Connect PS Connect PS The old secondary comes
(as primary) (as secondary) back into range, low duty
initiating finding the low duty
cycle advertising of the old
primary.
Connected Connected Back to normal.
primary secondary
TABLE 14
State Path-Phone And Secondary Walk Away From Primary (Case 1)
Device A Trigger on A Device B Trigger on B Example Description
Assume we got to a nice
stable position
Connected secondary We start to walk away from
primary the primary device . . .
LSTO Phone Eventually that will cause a
LSTO of the phone link
Recover secondary Device A is going to start
Phone page the phone to try and
reconnect.
LSTO PS LSTO PS Eventually the primary
secondary connection is lost.
Idle Recover The old primary is now idle,
primary waiting for user interaction.
The old secondary is passively
looking for a its primary by
doing low duty cycle
initiating.
TABLE 15
State Path-Phone And Secondary Walk Away From Primary (Case 2)
Device A Trigger on A Device B Trigger on B Example Description
Assume we got to a nice
stable position
Connected secondary We start to walk away from
primary the primary device . . .
LSTO PS LSTO PS Eventually that will cause a
LSTO of the primary/
secondary link
Recover Recover Device A will perform low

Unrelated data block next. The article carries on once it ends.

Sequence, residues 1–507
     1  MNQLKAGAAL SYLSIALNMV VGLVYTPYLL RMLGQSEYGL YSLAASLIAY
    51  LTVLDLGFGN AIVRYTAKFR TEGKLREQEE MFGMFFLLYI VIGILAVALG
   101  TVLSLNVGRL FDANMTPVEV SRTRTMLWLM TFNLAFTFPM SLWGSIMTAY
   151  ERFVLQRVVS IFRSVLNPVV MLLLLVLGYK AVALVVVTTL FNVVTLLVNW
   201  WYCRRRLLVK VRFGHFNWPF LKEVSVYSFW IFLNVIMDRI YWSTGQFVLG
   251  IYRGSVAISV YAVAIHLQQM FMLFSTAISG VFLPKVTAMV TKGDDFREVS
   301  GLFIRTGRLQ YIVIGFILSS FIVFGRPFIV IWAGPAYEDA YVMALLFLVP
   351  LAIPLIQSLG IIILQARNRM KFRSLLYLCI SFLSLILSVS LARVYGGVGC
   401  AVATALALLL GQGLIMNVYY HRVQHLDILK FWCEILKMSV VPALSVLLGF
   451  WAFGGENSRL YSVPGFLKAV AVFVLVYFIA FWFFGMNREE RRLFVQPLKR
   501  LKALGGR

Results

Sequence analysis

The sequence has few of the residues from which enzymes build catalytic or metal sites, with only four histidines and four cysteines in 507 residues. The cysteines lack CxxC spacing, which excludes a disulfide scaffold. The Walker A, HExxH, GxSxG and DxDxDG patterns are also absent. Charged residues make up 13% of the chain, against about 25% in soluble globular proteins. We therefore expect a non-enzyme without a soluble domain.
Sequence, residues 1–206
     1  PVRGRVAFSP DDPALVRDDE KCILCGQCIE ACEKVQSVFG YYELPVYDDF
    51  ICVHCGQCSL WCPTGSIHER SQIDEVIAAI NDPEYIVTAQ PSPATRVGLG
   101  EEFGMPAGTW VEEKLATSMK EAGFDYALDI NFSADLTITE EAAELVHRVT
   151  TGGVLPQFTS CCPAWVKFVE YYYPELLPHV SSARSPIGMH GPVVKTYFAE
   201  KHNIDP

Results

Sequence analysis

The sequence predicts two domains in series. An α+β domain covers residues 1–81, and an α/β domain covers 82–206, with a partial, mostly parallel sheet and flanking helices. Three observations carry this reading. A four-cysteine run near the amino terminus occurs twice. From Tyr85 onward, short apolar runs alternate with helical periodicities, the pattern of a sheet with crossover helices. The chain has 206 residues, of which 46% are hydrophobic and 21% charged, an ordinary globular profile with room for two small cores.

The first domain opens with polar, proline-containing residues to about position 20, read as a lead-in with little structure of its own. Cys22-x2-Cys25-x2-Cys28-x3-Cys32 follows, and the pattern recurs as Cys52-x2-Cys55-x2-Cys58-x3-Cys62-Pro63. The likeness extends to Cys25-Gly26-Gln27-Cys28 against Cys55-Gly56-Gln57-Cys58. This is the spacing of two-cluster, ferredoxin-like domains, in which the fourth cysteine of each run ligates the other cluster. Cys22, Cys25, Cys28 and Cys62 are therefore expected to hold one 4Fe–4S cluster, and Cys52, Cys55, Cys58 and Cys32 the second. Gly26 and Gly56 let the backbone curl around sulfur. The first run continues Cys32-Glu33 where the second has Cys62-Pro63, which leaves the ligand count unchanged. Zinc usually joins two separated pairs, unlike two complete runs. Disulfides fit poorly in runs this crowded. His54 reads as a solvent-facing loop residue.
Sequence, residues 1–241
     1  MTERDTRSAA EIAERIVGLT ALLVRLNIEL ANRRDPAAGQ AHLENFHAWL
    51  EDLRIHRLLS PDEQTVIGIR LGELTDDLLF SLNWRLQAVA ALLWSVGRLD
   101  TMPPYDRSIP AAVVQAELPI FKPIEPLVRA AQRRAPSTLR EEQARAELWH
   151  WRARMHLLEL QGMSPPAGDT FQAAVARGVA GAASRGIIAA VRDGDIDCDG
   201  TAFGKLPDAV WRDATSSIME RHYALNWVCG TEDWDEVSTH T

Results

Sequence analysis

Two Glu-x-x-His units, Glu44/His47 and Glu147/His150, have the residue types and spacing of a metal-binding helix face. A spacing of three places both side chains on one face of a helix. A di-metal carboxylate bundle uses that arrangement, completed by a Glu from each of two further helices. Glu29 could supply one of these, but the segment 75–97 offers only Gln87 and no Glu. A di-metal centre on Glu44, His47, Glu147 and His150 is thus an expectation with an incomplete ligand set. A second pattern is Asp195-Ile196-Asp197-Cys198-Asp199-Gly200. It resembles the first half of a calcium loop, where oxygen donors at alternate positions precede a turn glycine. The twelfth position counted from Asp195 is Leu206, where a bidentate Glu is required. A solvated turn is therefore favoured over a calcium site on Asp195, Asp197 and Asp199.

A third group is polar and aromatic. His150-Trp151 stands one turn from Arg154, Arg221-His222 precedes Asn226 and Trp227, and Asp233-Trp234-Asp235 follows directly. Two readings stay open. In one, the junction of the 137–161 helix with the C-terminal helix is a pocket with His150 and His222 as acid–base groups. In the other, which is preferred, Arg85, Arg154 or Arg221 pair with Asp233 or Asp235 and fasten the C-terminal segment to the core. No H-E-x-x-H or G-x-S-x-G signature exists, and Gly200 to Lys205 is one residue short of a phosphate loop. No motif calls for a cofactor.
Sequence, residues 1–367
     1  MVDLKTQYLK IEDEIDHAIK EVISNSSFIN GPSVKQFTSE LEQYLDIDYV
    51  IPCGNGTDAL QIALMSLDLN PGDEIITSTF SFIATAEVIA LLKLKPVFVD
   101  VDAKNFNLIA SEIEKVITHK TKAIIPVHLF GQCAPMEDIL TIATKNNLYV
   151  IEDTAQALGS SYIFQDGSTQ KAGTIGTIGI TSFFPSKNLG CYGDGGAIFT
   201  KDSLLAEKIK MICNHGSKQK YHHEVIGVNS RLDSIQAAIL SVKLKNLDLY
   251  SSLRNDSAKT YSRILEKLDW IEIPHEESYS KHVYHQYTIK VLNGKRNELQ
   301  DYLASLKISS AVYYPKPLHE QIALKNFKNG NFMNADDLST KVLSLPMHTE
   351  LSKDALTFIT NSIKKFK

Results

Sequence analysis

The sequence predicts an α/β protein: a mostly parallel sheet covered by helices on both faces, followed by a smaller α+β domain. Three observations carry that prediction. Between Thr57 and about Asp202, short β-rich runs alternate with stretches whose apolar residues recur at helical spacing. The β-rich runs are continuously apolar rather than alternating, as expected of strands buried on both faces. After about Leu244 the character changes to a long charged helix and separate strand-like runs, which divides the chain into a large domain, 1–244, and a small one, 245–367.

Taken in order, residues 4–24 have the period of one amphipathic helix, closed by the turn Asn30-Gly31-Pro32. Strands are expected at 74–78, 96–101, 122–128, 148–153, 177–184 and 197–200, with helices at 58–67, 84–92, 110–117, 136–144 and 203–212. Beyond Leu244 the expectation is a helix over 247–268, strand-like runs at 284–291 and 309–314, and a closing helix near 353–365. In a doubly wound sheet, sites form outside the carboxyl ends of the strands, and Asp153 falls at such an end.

secondary primary duty cycle advertising. Device
B will perform low duty cycle
initiating. This should allow
the devices to reconnect the
primary/secondary link.
LSTO Eventually the phone
Phone connection is lost.
Idle Recover The old primary is now idle,
primary waiting for user interaction.
The old secondary is passively
looking for a its primary by
doing low duty cycle
initiating.
TABLE 16
State Path-Phone And Secondary Walk Away From Primary (Recover 1)
Device A Trigger on A Device B Trigger on B Example Description
In the previous two scenarios,
we fell back to the case where
the old primary is idle, and
the old secondary is in the
recover primary state.
Idle Recover The old primary is now idle,
primary waiting for user interaction.
Th eold secondary is
passively looking for a its
primary by doing low duty
cycle initiating.
User One scenario has the user
Interaction press a button the primary.
Candidate Recover This places the device in the
primary candidate state, doing low
duty cycle advertising and
high duty cycle initiating. The
old secondary device is doing
low duty cycle initiating so
may not pick up on the
advertising. We will assume
the worse and assume that
doesn't work.
Timeout The candidate state times out.
Wannabe Recover The old primary now tries to
primary primary page the phone, moving to
low duty cycle initiating.
Connect The old primary connects to
Phone the phone, but still hasn't
reconnected to the secondary.
Acting Recover The acting primary is now